Kush Audio Gain Train

Monitor Control System

Published in SOS December 2012
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Reviews : Monitor Controller

A good monitor controller is invaluable — but 'good' doesn't have to mean complicated...

Matt Houghton

Kush Audio Gain Train

Kush Audio are a company that I know from some fantastic-sounding outboard (including the Clariphonic EQ), and one of the nicest software dynamics processors I know of, the UBK1. When I was testing the UBK1, it was suggested that I also take a look at Kush's Gain Train, which is a modular monitor-control system comprising two different elements: the Main Gain and the Function Junction. Being a fan of rhyming epithets, I could hardly refuse...

Both devices are designed for desktop use, and there's a neat system for joining the two units together to make one: a multi-channel port on the side connects the two, and a plate swings round on the base to make the connection secure. Very neat. The Main Gain can, as the name implies, be used as a stand-alone monitor controller, and the Function Junction is an extension unit which adds to the, um... functionality.

Main Gain

The Main Gain offers only one stereo input and one stereo output, so there's no switching between different sources and destinations if this device is used on its own. What it does offer is a chunky volume-control knob, which affords you fine control over the output level, and a variety of monitoring facilities. There's a switch to sum the signal to mono, so you can check for phase problems in your stereo source quickly and easily. You're also presented with independent muting of the Left and Right channels, as well as a neat, dual-channel, tri-colour LED level-meter. What you don't get is any noticeable coloration of the sound: what goes in is what comes out — it compared well in this respect with my Dangerous D-box, which is no slouch. In more technical terms, the frequency response is within ±0.1dB from 2Hz to 20kHz, and only 3dB down at 200kHz. Impressive.

Function Junction

Kush Audio Gain Train

Kush evidently wanted to keep the Main Gain simple, because if they'd loaded it with functionality it would have pushed the price beyond the reach of some potential purchasers who only need a simple stereo device. For those who want more, they produced the Function Junction. This couples with the Main Gain to add a further two stereo sources and destinations to the system, as well as a talkback facility and a pair of high-quality headphone amps. The talkback facility mutes the program material automatically, and while I'd prefer it if there were the option to set the degree of attenuation, it's a helpful facility.

The I/O is presented via a 25-pin D-sub connector, which makes the cabling as neat as is possible when all the electronics are housed in a desktop unit. That brings me on to my only significant criticism: the desktop design requires you to have cables dangling off the back, so you'll either need to leave these on display, or have a strategically positioned hole on your desk through which the cables can disappear. A rackmount device doesn't suffer from the same problem. The counter argument is a strong one, though: by having the controls directly in front of you at the listening position, you're able to make judgments about the sound without having to stretch over to a rack (moving your ears out of the sweet spot in the process). It's something you'll need to make your own mind up about.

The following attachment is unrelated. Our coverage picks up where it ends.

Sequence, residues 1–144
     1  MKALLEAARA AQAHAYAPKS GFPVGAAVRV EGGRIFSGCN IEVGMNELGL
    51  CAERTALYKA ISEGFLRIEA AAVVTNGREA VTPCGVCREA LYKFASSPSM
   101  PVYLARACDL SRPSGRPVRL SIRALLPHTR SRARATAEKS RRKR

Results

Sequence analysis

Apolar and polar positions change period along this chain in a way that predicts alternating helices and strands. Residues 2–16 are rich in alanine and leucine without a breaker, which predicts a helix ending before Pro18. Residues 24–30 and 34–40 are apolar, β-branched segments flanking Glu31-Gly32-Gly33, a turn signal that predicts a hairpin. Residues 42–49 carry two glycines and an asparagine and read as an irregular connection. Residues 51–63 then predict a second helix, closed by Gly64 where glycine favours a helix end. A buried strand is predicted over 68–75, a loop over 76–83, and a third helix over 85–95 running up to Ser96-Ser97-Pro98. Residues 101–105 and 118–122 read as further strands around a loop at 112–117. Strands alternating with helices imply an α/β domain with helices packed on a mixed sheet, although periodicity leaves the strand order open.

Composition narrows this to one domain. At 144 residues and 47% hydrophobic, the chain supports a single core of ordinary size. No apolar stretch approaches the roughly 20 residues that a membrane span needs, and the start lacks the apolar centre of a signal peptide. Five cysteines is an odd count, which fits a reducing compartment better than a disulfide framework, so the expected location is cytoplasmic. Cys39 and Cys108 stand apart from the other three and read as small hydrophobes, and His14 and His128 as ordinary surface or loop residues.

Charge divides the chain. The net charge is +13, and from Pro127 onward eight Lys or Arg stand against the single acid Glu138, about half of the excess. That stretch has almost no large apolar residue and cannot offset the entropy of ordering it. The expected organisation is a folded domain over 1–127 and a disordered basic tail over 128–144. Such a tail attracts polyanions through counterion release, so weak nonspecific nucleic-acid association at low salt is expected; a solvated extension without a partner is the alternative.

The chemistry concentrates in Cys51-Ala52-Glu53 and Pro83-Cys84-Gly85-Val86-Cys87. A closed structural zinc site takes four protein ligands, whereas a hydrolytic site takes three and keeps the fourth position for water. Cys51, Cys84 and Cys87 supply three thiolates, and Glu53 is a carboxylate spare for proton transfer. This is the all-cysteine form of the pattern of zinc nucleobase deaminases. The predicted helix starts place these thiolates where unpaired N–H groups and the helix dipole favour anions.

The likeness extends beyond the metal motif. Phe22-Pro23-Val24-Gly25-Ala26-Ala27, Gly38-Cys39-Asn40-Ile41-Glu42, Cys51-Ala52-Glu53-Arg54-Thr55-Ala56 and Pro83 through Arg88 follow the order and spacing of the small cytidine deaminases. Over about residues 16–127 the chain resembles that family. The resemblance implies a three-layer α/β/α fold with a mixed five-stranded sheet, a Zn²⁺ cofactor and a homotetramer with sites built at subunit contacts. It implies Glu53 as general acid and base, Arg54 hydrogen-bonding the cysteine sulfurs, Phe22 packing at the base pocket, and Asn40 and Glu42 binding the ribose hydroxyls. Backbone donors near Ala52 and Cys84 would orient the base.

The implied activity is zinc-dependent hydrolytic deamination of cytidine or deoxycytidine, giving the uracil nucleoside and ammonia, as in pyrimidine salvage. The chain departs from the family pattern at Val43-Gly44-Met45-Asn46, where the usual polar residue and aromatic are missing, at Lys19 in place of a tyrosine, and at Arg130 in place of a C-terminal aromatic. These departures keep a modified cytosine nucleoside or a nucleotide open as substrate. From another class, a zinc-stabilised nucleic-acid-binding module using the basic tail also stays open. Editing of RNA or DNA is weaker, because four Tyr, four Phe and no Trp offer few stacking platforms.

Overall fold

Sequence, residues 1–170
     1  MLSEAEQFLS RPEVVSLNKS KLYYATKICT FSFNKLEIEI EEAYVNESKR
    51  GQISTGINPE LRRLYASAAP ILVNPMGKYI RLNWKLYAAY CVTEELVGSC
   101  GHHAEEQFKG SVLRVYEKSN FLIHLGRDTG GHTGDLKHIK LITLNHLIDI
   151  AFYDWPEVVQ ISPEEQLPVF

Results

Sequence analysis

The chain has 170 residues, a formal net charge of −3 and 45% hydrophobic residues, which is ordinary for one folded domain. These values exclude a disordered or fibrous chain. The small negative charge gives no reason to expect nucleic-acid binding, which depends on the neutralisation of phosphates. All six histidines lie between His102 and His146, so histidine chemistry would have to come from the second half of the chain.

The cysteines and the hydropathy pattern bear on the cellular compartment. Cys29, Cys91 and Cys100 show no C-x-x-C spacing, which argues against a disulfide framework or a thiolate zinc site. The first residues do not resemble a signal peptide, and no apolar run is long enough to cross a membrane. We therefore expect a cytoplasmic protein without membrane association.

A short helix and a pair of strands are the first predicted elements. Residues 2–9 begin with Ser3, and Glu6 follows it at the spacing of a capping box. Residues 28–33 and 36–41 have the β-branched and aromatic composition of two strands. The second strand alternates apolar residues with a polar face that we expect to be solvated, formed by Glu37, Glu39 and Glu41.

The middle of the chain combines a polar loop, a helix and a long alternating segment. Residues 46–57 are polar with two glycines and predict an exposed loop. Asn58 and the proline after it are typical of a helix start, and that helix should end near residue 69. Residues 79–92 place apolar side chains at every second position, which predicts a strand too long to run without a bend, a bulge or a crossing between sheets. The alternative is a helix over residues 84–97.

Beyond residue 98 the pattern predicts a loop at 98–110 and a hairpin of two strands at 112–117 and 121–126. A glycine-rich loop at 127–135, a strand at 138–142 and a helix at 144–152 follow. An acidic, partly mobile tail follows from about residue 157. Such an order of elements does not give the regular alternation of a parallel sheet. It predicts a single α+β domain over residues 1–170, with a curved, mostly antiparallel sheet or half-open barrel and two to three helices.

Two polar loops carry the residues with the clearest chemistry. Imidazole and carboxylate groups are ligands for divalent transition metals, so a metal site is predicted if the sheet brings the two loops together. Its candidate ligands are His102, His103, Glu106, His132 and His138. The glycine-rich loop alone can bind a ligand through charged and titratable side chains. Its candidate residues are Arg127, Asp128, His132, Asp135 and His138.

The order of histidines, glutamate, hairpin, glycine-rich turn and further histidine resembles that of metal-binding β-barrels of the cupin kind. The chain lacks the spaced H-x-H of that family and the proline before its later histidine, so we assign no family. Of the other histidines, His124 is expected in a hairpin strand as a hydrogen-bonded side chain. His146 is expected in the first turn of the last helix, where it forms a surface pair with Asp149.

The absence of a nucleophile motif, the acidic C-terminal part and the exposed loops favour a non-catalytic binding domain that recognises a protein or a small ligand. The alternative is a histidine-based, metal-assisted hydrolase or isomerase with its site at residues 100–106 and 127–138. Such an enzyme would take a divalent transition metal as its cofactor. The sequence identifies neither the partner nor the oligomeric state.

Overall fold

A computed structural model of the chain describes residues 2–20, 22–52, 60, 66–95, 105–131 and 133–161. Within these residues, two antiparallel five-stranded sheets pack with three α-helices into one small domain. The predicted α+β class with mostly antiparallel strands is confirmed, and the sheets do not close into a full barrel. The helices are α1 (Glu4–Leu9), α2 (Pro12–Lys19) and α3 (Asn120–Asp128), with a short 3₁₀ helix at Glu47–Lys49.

The review units seemed well built, and the tall, tapered shape of the volume knob makes it easy to use. I should note that there was a sticking button on one of the units. This didn't affect operation a great deal, and didn't colour the sound at all. Having checked this out with Greg Scott at Kush Audio, it appears that it was due to an issue with the metalworking on the first few units, causing the physical button to catch, and this has now been corrected.

Conclusion

In summary, this is a very transparent-sounding, active, modular monitor-control system — and a bloody good one at that! It provides a simple interface for a simple but important job, and does so without messing with the sound. It may not be the cheapest monitor controller system in the world, but it's still keenly priced in relation to many units of comparable quality.  .

Alternatives

There's plenty of choice when it comes to active monitor controllers at very different prices and offering vastly different functionality. At the lower end of the price scale are units by Samson and Behringer. Upping the budget takes you to Mackie's Big Knob and a couple of Presonus products. TC Electronic offer some very good monitor controllers for the price. Given the choice, though — assuming they meet your functional requirements — I'd be sorely tempted to consider the Main Gain or full Gain Train, which offer performance (if not the degree of functionality) to rival pricer devices from the likes of Crookwood and Dangerous Music.

Kush Audio Gain Train £834$998
pros
Very clean-sounding, with a ruler-flat frequency response.
Intuitive interface.
Modular: you're not paying for bells and whistles you don't need.
Good headphone amps on the Function Junction.
Desktop design means that controls are within easy reach of the mix position.
cons
Desktop design: cables trail from the back.
summary
If you need a simple monitor controller, the Main Gain is well worth checking out: it provides exactly what you need to a decent quality. If you work with multiple sources and artist monitor mixes, the Function Junction turns this into a comprehensive system.
information
Gain Train £834; Main Gain/Function Junction £466.80 each. Prices include VAT.
Unity Audio +44 (0)1440 785843.
Gain Train $998; Main Gain/Function Junction $499 each.

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